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Winter is the ideal time to rebuild your four-stroke, but there’s still time before summer comes. Here’s what you need to know…

Most riders like to get their hands dirty to some extent, spannering away on their bike to the best of their ability and only calling on their dealer’s service department when the job at hand is outside their realm of capability – a realm which (these days)  invariably involves four-stroke engines.

Why? Well let’s not shy away from the fact that if you make a mistake assembling a four-stroke dirt bike motor, the consequences can be expensive. Stuff up the power valve on a smoker and it will run like a two-legged dog, but do no real damage. But mess up the cam timing on your four-stoke, and you will unleash merry hell inside your engine.

But remember… your bike’s cam timing is not rocket science. Check and double check that the rotating assembly is at Top Dead Centre (TDC)  and that the timing marks are correctly positioned before you put the lid back on it and you can’t really have any problems to do with your cam timing. You can’t even mix up the inlet and exhaust cams – each won’t fit in the other’s cradle. Getting the maths wrong when shimming your valves can be frustrating, but similarly to the cam timing, as long as you double check that it’s correct before starting the bike, you can’t go wrong.

Most other engine assembly practices such as installing the piston, preparing the gasket faces and correctly torquing down the head are no different to rebuilding a two-stroke, so if you’re comfortable doing that, then you should be able to do this.

So to guide us through the process of freshening up your bike’s top-end we enlisted the help of ‘Doctor’  Ross McWatters at the Aussie KTM Race Team workshop to help us get to the bottom of things

Should I be scared?

‘I don’t think anyone should be scared of doing maintenance work on their four-stroke, but they should definitely have a respect for it,’  said Ross. But it’s that cam timing business that everyone’s afraid of. There’s a perception out there that it’s some kind of black art, and for the fear of bent valves in the event of a minor oversight, most owners keep the tappet cover firmly fixed on their four-bangers at all times.’

Take a look at the photo (at the beginning of this article)  of the cams installed in the head. See those timing marks on the front of the cam gears? Whenever you’re working on an engine, as long as you keep it at top dead centre (on a KTM engine you can physically lock it there),  all you need to do is ensure that these timing marks are aligned correctly on reassembly (as pictured)  and you quite simply can’t go wrong with cam timing. If you do this, you are ensuring that the position of the cams relative to the crank (and hence the valves relative to the piston)  is correct, and that’s all there is to it. Myth busted.

DIY cost vs dealer cost?

It’s worth bearing in mind that there’s some considerable cost savings to be made by doing the work yourself. Costs would of course vary from dealer to dealer, but a main dealer would probably charge you 3-4hrs labour to do a piston and rings in a four-stroke, or about £250, plus parts. To check your valve clearance, a shop will take around half an hour (and charge you about £30),  and if they need shimming you’re up for about an hour and a half’s labour (roughly £120)  plus shims.

Obviously the cost of the parts remains the same whether you do the work yourself or get the bike shop to do it, so these approximate costings represent money in your skyrocket every time you crack out the spanners yourself. In terms of specialist tools you’ll need a ring compressor (these are available relatively cheaply from any good automotive toolshop), a telescopic magnet for safely retrieving valve shims and other small parts, and some metric feeler gauges for checking and shimming your valves.

How often should you do it?

Of course this depends upon the bike and what type of rider you are. But if you’re a hard rider, racing in a championship then a top-end rebuild should be carried out about every 25hrs, or roughly halfway through a season, assuming you use the same bike for practising on.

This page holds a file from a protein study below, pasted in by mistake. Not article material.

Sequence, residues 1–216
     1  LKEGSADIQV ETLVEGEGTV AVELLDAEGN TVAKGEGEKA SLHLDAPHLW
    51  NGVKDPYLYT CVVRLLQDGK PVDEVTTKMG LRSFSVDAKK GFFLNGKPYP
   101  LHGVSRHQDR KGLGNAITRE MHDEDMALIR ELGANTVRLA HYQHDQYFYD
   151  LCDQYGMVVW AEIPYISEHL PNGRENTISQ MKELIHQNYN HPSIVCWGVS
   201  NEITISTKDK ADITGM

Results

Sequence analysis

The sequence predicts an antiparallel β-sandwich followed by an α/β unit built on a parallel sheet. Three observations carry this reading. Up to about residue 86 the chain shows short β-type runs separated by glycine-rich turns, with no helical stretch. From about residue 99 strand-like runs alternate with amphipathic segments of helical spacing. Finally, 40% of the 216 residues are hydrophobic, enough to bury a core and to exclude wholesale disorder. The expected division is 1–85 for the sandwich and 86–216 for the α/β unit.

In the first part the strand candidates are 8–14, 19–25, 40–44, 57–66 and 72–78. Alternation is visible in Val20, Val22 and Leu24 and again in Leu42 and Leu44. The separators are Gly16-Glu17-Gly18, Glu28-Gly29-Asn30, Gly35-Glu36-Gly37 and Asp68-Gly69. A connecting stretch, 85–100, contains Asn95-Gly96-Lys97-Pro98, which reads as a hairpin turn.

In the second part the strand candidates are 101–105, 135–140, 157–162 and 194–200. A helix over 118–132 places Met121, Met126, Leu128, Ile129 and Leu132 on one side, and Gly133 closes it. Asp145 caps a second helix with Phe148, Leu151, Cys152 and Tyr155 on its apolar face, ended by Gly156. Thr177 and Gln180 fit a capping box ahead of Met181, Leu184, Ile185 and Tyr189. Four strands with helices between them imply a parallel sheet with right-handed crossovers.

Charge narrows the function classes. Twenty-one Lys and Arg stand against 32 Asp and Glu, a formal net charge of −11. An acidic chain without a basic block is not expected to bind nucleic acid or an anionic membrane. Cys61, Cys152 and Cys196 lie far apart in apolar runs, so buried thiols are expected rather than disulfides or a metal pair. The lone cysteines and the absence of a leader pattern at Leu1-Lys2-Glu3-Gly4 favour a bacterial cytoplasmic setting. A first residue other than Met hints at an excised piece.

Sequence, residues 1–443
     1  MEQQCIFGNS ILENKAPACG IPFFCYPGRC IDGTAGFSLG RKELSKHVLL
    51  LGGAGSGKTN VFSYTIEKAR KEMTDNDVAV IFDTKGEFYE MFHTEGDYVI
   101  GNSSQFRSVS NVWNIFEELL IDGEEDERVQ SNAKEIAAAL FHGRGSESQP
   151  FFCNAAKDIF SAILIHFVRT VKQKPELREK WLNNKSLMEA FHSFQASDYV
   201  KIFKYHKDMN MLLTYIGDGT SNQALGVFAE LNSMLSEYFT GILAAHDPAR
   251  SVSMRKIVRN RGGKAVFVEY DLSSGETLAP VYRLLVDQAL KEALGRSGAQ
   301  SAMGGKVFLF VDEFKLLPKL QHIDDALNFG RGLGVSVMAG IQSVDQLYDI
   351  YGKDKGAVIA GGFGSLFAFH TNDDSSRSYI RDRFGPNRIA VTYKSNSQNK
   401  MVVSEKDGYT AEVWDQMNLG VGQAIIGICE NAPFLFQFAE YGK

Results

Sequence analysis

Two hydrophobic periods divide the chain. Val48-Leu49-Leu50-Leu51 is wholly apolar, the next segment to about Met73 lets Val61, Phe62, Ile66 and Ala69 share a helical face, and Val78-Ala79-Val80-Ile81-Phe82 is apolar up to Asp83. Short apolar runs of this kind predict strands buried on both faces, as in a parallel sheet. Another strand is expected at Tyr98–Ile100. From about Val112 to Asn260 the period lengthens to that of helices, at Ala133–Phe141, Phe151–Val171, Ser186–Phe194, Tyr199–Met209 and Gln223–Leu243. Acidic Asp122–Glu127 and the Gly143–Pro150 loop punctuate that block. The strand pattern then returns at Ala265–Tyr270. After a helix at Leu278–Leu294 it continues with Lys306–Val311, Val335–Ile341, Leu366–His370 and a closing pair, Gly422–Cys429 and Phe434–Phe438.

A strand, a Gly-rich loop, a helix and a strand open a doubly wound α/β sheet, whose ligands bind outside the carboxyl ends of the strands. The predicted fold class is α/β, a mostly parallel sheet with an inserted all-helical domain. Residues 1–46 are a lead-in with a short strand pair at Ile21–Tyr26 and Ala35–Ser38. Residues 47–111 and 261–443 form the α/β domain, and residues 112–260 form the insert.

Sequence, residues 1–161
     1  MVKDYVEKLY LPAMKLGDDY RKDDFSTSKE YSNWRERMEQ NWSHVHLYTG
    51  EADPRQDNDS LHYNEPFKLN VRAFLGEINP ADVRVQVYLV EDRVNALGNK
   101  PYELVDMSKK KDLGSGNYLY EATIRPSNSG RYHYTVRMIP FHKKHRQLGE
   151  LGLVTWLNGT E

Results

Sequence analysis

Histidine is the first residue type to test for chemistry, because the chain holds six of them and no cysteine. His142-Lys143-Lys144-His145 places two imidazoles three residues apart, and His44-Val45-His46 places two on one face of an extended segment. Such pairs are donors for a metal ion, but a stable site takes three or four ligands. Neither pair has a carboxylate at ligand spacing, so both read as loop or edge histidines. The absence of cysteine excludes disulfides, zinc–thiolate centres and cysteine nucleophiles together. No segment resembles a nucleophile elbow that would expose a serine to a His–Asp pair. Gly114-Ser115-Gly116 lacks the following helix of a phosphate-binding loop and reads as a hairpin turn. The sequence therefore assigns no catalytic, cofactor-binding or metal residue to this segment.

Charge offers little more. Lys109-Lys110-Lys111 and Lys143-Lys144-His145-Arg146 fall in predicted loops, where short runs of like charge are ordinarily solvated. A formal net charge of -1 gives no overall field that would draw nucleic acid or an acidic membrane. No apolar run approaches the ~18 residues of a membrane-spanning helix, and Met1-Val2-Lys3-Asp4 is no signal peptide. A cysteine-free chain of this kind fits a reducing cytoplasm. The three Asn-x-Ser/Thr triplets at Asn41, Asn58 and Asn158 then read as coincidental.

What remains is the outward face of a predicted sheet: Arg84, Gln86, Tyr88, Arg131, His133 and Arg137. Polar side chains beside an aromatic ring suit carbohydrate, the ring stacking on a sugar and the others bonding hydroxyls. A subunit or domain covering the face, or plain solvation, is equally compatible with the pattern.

Regular racers should be able to go all season long on the same piston and rings, but it’s worth considering a top-end rebuild during the off-season – especially if you’re planning on using the same bike for racing on the following year. If you’re just trail riding, then you can expect to get a good couple of years out of a piston and rings, by which time it would be worth checking the camchain and valves for wear and tear. Valve clearances however should be done much more frequently – every few months or so, depending on use.


Prepare the engine: Doctor Ross reckons that it’s probably easier to remove the engine from the frame, but in most instances it can be done with it still installed. Either way you’ll have to drain the coolant and the oil and remove all ancillaries including the carb or throttle body, plug and exhaust header. Organise yourself a sizeable area of flat, clean bench space to methodically lay out the parts as you disassemble it, and make sure that your workspace is clean and well lit.


Find top dead centre: Okay, before you start the disassembly process ensure that the engine is at TDC. On most Jap bikes this will mean removing an inspection cover on the case and turning the engine over while visually checking for a timing mark, whereas on a KTM you can physically lock it at TDC by removing a washer from a bolt in the case and replacing the bolt once the engine is on TDC – the manual shows you which one.


Remove the cambox cover: Using a T-bar, undo the bolts of the tappet cover and lift it off. Then take the time to familiarise yourself with how everything looks, and the angle of the camshaft lobes. A good tip is to grab your digital camera and pop off a few pics. This will help when reassembling the top end. Also check that the timing marks are correctly aligned with the mark on the bridge as shown. If they’re not, your engine is not at TDC!


Remove the cams: To do this you must first remove the cam chain tensioner to give sufficient slack on the chain to remove it from the cam gears – refer to your bike’s manual for details of your particular model. Once you’ve done that then undo the bolts holding down the bridge (the bit which secures and carries the cams),  remove the top half and lift the cams out, then remove the bottom part. Watch out for metal dowels! If they disappear it means a trip to the bike shop, and if they fall into the engine it’s VERY bad news. It’s best to remove them with pointy nose pliers and place them in order of disassembly on the bench. Once again pop off a couple of pics with the digi to make reassembly easier.


Remove the shims: There’s nothing holding your shims in place except good old fashioned gravity. Grab a telescopic magnet and remove them before they remove themselves, placing them on the bench on a sheet of paper with a drawing of a cross showing exhaust and intake viewed from the top. Place the shims down on the corresponding spot on the diagram.